To the surprise of absolutely no one, the Boston Bruins and Toronto Maple Leafs have supplied a thrilling first-round series in the Stanley Cup Playoffs.

And per usual when these two Original Six rivals meet up, there has been no shortage of chippy play, and some action after the whistle (here’s looking at you, Nazem Kadri).

There have been some interesting calls and some very interest non-calls on both sides from the referees. But it appears that the Bruins want officials to be aware of one particular thing heading into Game 7 on Tuesday at TD Garden.

Bruce Cassidy didn’t want to go so far to accuse the Leafs of slew-footing, but said that the Bruins have notified officials of the Leafs’ “skate bumps.”

One pretty clear example of this was in Game 6, when Joakim Nordstrom was taken out heading towards the board by Travis Dermott. Nordstrom was upended, and was ultimately called for a high-sticking penalty when his stick caught Dermott under the chin. Dermott was not issued a penalty.

“I just find their skates bump the back of ours a lot, whether that’s just dumb luck or how they battle for pucks,” Cassidy told reporters Monday, via The Boston Globe’s Matt Porter. “We’ve brought it up with the supervisor, if you see a few of them. There’s a couple things we find Toronto does that we’ve brought up, that’s why they’re [the supervisors] here, that’s what they ask for — anything you see.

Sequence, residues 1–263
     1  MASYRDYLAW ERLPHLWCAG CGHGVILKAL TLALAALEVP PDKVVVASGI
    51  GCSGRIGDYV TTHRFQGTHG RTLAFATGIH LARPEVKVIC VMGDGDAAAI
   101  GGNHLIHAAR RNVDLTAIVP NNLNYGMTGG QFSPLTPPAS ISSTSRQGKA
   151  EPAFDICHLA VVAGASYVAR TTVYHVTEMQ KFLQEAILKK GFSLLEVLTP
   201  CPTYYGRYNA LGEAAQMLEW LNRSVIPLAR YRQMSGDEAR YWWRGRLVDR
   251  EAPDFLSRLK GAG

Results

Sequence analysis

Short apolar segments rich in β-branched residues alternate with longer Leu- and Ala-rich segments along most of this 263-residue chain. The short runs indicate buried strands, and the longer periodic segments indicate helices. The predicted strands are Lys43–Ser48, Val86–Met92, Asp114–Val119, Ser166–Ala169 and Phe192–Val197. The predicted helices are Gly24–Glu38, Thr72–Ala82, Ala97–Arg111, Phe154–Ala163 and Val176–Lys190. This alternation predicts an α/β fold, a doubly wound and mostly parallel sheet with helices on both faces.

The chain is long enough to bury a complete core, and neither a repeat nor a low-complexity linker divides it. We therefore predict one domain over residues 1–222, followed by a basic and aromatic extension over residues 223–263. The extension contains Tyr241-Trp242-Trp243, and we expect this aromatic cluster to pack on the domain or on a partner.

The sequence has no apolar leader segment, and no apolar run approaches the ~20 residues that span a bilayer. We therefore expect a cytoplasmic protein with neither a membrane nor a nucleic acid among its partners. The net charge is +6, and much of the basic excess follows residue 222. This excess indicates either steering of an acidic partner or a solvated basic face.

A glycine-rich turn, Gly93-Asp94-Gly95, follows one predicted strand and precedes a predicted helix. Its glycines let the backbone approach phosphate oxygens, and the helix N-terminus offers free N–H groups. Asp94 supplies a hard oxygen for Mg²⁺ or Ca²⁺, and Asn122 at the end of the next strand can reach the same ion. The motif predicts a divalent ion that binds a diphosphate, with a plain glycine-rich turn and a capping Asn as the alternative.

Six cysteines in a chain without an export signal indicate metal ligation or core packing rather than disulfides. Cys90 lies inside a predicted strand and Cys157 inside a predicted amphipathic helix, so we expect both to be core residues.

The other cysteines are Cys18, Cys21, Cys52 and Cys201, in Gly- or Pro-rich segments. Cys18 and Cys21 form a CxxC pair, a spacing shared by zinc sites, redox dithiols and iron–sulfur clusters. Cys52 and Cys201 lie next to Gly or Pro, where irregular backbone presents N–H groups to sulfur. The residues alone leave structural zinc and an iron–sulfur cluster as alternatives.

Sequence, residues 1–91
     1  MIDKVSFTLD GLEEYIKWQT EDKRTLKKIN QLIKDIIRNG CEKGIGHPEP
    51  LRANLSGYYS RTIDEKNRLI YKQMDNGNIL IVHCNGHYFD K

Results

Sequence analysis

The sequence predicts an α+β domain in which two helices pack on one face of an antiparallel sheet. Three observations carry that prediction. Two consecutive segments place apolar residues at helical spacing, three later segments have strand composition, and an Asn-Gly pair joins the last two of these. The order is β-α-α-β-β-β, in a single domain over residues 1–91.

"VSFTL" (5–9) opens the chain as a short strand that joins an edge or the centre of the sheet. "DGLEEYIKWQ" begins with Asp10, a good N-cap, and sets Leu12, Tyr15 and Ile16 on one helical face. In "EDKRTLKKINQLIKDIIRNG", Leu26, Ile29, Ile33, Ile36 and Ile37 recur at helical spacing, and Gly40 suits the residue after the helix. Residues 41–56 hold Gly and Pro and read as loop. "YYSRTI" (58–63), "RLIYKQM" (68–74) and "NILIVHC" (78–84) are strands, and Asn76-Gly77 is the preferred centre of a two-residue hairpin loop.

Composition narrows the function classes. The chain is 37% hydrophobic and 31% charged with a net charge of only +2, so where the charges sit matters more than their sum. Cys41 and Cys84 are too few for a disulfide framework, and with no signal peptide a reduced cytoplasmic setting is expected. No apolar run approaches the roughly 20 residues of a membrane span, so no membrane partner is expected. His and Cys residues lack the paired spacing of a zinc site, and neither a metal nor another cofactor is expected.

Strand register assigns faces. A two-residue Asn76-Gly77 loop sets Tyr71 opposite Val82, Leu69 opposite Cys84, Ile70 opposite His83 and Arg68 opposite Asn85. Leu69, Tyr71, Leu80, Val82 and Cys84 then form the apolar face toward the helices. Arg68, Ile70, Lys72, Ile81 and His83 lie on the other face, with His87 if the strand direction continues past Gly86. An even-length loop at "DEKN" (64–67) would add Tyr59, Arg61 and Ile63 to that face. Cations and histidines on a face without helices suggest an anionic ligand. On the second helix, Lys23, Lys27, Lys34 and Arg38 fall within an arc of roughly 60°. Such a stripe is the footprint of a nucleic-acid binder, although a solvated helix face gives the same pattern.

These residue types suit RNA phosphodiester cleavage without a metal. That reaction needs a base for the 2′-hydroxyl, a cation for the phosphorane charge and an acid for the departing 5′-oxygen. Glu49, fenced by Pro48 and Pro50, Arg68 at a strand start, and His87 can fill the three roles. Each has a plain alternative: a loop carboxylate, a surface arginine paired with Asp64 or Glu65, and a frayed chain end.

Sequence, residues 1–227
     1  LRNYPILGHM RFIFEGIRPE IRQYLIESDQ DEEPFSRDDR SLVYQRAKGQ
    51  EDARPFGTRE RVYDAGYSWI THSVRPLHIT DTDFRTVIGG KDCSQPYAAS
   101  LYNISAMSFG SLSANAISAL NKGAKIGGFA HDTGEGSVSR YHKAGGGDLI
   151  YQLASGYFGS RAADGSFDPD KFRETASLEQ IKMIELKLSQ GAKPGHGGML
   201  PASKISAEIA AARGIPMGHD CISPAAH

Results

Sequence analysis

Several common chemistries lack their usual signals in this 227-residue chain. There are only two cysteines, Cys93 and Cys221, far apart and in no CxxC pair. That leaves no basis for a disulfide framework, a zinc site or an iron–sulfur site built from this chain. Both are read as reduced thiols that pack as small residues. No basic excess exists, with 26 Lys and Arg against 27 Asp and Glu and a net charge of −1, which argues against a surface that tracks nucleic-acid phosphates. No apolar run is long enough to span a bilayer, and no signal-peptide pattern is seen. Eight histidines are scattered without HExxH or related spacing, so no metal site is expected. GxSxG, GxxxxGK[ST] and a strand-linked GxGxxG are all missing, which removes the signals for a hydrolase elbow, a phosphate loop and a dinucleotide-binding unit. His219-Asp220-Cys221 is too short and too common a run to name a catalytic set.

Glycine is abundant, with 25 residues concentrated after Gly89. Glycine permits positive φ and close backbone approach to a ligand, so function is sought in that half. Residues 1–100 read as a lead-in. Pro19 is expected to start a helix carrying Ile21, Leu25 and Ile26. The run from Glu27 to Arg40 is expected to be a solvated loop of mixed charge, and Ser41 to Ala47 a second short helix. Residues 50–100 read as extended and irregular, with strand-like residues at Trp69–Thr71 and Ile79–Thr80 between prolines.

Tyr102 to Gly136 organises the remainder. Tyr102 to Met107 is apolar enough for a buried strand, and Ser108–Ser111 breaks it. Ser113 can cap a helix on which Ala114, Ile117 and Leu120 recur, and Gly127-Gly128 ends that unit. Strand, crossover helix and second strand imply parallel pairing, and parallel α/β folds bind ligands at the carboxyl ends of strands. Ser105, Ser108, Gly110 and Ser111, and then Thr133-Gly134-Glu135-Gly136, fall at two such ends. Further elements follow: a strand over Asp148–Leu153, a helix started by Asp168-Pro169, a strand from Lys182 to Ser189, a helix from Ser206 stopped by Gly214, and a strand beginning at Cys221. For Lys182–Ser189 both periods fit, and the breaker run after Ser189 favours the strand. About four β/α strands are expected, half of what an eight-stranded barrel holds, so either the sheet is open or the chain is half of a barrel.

“I’m sure Toronto brings things up with us. We’ll see where it goes. I noticed there was one on the faceoff, (Sean) Kuraly went down from behind. There’s been a few of them every game. It started with the (Jake) DeBrusk battle (in Game 2) but I don’t know if I’d call it a slew-foot.

“I’d just call it feet contacting feet, whether it’s by accident or by design I don’t know. I don’t want to speculate.”

For those not aware of slew-footing, it is defined by NHL.com as “the act of a player using his leg or foot to knock or kick an opponent’s feet from under him, causing him to fall violently to the ice.”

In Nordstrom’s case, his high-sticking call was warranted, as Cassidy pointed out, but it doesn’t clear Dermott of wrongdoing.

“Usually, a high stick comes up in the act of … this one came up in the act of falling backward because his foot got kicked out,” Cassidy said. “So I would hope they would notice the contact there.”

Game 7 no doubt will be under a massive microscope when it comes to officiating. And we think for the most part, fans would rather see the whistles stay quiet if nothing else.

Thumbnail photo via Tom Szczerbowski/USA TODAY Sports Images